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Blé Sucré is on so many lists as the best croissant in Paris that I had to taste them for myself 🙂 The tiny shop has a few tables outside if you want to have a coffee and eat facing the park, but I didn’t want my croissant accompanied by the melody of screeching children, so I took mine to go. This is a pâtisserie not a boulangerie, which means they offer pastries but do not sell bread. If you want a baguette, go elsewhere, but come here for the madeleines, the pain au chocolat, or the croissants. The croissants here are HUGE by Parisian standards, easily twice as big as others.

The airy light layers and satisfying crunchy flakiness make for the best of combinations, and I added these croissants to my favorites list along with all the others who came before I did 🙂

Not far away is another kind of pâtisserie, La Rose de Tunis, specializing in North African sweets infused with honey, nuts, and spices. This one is in Belleville in the 11th, but there are other locations in the 15th and 18th, as well as in other cities throughout Europe. There is always a line out the door, so be prepared to wait for your sweet treats.

Since I went to the Yelp event at Les Piaules, I wanted to explore the Belleville area a bit more along Blvd Belleville with all the streetside vendors making freshly grilled breads filled with your choice of meat, tomatoes, onions; think of it as an alternative to pizza:)

The stores sell products I’ve never seen before, like Rose jam!

There were also markets that sell products I knew very well,

like roasted ducks and char siu.

Off Rue Belleville, which intersects Blvd Belleville, the famous graffiti of Rue Denoyez adds color

 and art to everything from the storefronts to the plant holders.

Some artists were working as I passed by, but this area will be transforming in the next few years to “modernize” the street and about 30 of the local workshops and artists will be displaced despite a petition with over 10,000 signatures trying to preserve the character of this street.

The most surprising thing I saw in the neighborhood wasn’t the rose jam or the graffiti, but a Lamborghini, the only one I’ve ever seen in Paris 🙂

The Musée Rodin reopened this year with over 7 acres of gardens and sculptures. You can easily spend a day here wandering around contemplating the meaning of life 🙂

The temporary exhibit usually has a very short line, but the permanent exhibit line stretched down to the edge of the sculpture garden. Entry fees range from about 3-11 Euros ($4-13 USD), with the first Sunday of every month free, but be prepared for lines on sunny days. These days there are security checks for all museums, so leave your backpacks at home.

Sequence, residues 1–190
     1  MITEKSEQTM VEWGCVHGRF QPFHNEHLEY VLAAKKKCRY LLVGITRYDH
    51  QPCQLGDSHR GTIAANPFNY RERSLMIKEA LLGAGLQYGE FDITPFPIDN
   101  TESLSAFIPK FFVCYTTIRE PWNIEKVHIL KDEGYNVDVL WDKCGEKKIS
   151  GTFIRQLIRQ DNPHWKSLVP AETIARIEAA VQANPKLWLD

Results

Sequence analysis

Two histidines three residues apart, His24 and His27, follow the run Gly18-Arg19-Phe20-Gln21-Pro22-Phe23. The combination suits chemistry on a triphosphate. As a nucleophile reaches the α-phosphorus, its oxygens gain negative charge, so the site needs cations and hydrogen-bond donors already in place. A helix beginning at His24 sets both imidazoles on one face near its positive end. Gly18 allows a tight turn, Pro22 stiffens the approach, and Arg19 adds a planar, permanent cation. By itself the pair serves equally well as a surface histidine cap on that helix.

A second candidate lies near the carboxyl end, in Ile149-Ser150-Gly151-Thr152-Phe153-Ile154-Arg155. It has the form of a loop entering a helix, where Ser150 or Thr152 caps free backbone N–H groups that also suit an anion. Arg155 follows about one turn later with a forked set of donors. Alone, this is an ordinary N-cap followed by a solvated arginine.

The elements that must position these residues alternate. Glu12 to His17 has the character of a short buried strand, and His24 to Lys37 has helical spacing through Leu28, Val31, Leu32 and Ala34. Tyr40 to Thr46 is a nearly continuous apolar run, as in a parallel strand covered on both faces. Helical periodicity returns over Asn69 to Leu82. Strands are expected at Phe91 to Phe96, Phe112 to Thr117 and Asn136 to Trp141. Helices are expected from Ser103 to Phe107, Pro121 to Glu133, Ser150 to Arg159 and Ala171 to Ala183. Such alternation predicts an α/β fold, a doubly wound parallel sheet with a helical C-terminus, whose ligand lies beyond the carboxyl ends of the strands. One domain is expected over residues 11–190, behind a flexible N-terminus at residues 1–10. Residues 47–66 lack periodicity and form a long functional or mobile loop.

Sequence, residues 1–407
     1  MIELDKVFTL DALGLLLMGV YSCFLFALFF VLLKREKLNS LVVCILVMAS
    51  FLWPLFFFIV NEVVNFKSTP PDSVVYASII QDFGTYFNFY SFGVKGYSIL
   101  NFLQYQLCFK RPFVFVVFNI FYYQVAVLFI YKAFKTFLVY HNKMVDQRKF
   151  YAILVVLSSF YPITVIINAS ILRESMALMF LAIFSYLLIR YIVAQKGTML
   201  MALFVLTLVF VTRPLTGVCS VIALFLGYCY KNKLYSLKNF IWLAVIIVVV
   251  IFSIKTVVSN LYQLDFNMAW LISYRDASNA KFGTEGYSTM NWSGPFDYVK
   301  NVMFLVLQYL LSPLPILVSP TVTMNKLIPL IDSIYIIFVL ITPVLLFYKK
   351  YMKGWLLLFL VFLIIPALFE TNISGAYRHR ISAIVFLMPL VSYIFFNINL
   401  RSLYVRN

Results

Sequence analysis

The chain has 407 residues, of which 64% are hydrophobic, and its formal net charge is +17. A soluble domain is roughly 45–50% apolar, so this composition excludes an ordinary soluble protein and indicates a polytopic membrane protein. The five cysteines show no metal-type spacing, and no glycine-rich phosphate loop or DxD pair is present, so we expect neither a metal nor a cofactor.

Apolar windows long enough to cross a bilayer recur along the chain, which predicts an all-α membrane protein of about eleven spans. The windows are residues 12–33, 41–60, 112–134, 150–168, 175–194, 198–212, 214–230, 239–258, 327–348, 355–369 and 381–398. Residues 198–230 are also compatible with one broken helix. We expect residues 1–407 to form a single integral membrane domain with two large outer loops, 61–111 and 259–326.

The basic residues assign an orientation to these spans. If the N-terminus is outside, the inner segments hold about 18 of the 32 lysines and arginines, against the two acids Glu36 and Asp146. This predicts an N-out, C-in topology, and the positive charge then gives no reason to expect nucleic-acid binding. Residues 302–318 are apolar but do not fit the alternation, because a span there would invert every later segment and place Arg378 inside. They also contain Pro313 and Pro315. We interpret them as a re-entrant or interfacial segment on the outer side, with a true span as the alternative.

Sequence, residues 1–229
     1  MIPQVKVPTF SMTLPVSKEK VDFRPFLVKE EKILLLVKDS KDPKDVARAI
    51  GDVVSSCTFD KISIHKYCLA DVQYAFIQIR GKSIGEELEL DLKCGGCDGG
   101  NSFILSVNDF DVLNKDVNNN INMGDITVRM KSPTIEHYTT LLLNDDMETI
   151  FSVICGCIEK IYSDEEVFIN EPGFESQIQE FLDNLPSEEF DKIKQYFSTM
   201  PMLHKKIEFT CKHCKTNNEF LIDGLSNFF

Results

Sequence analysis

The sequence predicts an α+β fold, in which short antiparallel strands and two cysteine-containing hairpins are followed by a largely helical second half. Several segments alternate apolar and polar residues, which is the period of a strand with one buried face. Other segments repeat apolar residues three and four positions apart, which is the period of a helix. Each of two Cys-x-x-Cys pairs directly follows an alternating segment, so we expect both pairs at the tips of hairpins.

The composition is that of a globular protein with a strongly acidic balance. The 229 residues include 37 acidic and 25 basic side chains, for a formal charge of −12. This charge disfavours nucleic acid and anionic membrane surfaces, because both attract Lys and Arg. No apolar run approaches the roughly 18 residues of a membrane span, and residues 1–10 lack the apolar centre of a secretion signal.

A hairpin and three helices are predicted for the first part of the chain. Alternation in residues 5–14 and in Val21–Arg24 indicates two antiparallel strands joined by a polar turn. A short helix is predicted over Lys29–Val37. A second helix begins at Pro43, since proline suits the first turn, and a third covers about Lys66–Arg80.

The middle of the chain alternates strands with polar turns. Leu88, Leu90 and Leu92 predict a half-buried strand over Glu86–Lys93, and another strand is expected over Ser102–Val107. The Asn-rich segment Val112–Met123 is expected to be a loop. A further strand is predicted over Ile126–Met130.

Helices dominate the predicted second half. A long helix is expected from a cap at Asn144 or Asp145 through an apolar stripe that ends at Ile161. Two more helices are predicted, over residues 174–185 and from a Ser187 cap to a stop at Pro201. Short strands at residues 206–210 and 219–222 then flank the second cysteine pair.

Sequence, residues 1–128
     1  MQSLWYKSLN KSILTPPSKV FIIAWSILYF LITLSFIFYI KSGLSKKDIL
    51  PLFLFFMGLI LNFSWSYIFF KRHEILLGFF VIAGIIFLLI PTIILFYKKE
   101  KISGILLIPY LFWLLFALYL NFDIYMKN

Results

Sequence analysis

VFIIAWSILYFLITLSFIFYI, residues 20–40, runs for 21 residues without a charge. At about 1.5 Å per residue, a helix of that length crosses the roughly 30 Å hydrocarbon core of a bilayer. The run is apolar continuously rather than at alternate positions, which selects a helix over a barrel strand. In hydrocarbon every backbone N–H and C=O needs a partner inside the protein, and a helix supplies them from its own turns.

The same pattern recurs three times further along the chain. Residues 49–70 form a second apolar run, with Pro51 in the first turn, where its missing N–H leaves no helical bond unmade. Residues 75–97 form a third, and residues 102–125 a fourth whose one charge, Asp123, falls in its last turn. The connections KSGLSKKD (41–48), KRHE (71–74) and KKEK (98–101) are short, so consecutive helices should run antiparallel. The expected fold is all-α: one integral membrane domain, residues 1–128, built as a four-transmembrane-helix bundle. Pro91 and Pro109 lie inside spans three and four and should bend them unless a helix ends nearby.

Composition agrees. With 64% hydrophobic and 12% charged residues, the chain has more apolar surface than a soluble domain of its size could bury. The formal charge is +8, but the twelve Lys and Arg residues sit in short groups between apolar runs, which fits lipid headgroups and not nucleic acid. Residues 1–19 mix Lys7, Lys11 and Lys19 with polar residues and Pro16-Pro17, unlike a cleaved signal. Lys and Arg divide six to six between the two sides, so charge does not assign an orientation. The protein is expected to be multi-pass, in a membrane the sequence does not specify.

There are sculptures along the side of the garden which are protected from the elements due to their fragile nature.

The sturdier sculptures are scattered throughout the garden.

 

This gives you an idea of the scale of the garden area; this view is looking back at the building with the permanent exhibitions,

and this is one of the pathways from the permanent exhibition to the rotunda,

with a pond surrounded by sculptures.

One of the nice things about having sculptures outdoors is that you can literally touch them.

The Eiffel Tower is hidden by the fog, just behind the “Thinking Man”, as obscure as his thoughts…

An afternoon away from the hustle and bustle of Paris is refreshing, not only for the change of pace, but also for the reminder that not all of France is Paris 🙂

The forest and chateau of Fontainebleau is only about 35 miles away and adjacent to the forest is the small village of Barbizon. It’s a side trip worth making, especially if you have a car, but if you take public transportation, the easiest way to get here is to go to Fontainebleau and then take the short taxi ride to Barbizon (about 10-15 minutes) on the other side of the forest. Barbizon School was named after this town and this is still an artist colony with mosaics that line the main street.

The entrance to the Barbizon School.

There are charming places to eat and sleep if you want to stay in town, ranging from inexpensive to very expensive.

There are numerous ateliers where artists work and showcase their craft.

 Some homes are private sanctuaries

 while others are sometimes open for tours (but not on Mondays or Tuesdays).

 Sometimes it’s a pleasure to go to school 🙂

Today is Pablo Picasso’s birthday and Paris celebrated by reopening the Picasso Museum after 5 years of renovations. Located in the Hôtel Salé, a historical former residence, the museum displays 5,000 pieces of his work (the biggest collection in the world) as well as 150 pieces of other artists such as Cézanne, Matisse, and Gauguin.

I only saw the news that the opening day was today with the regular hours of 9:30am-6:00pm, not knowing that because it was the grand opening the doors actually opened at noon. I got there at 11:15am and there was already a huge line, so I waited, knowing it would only be a much longer wait if I came back later.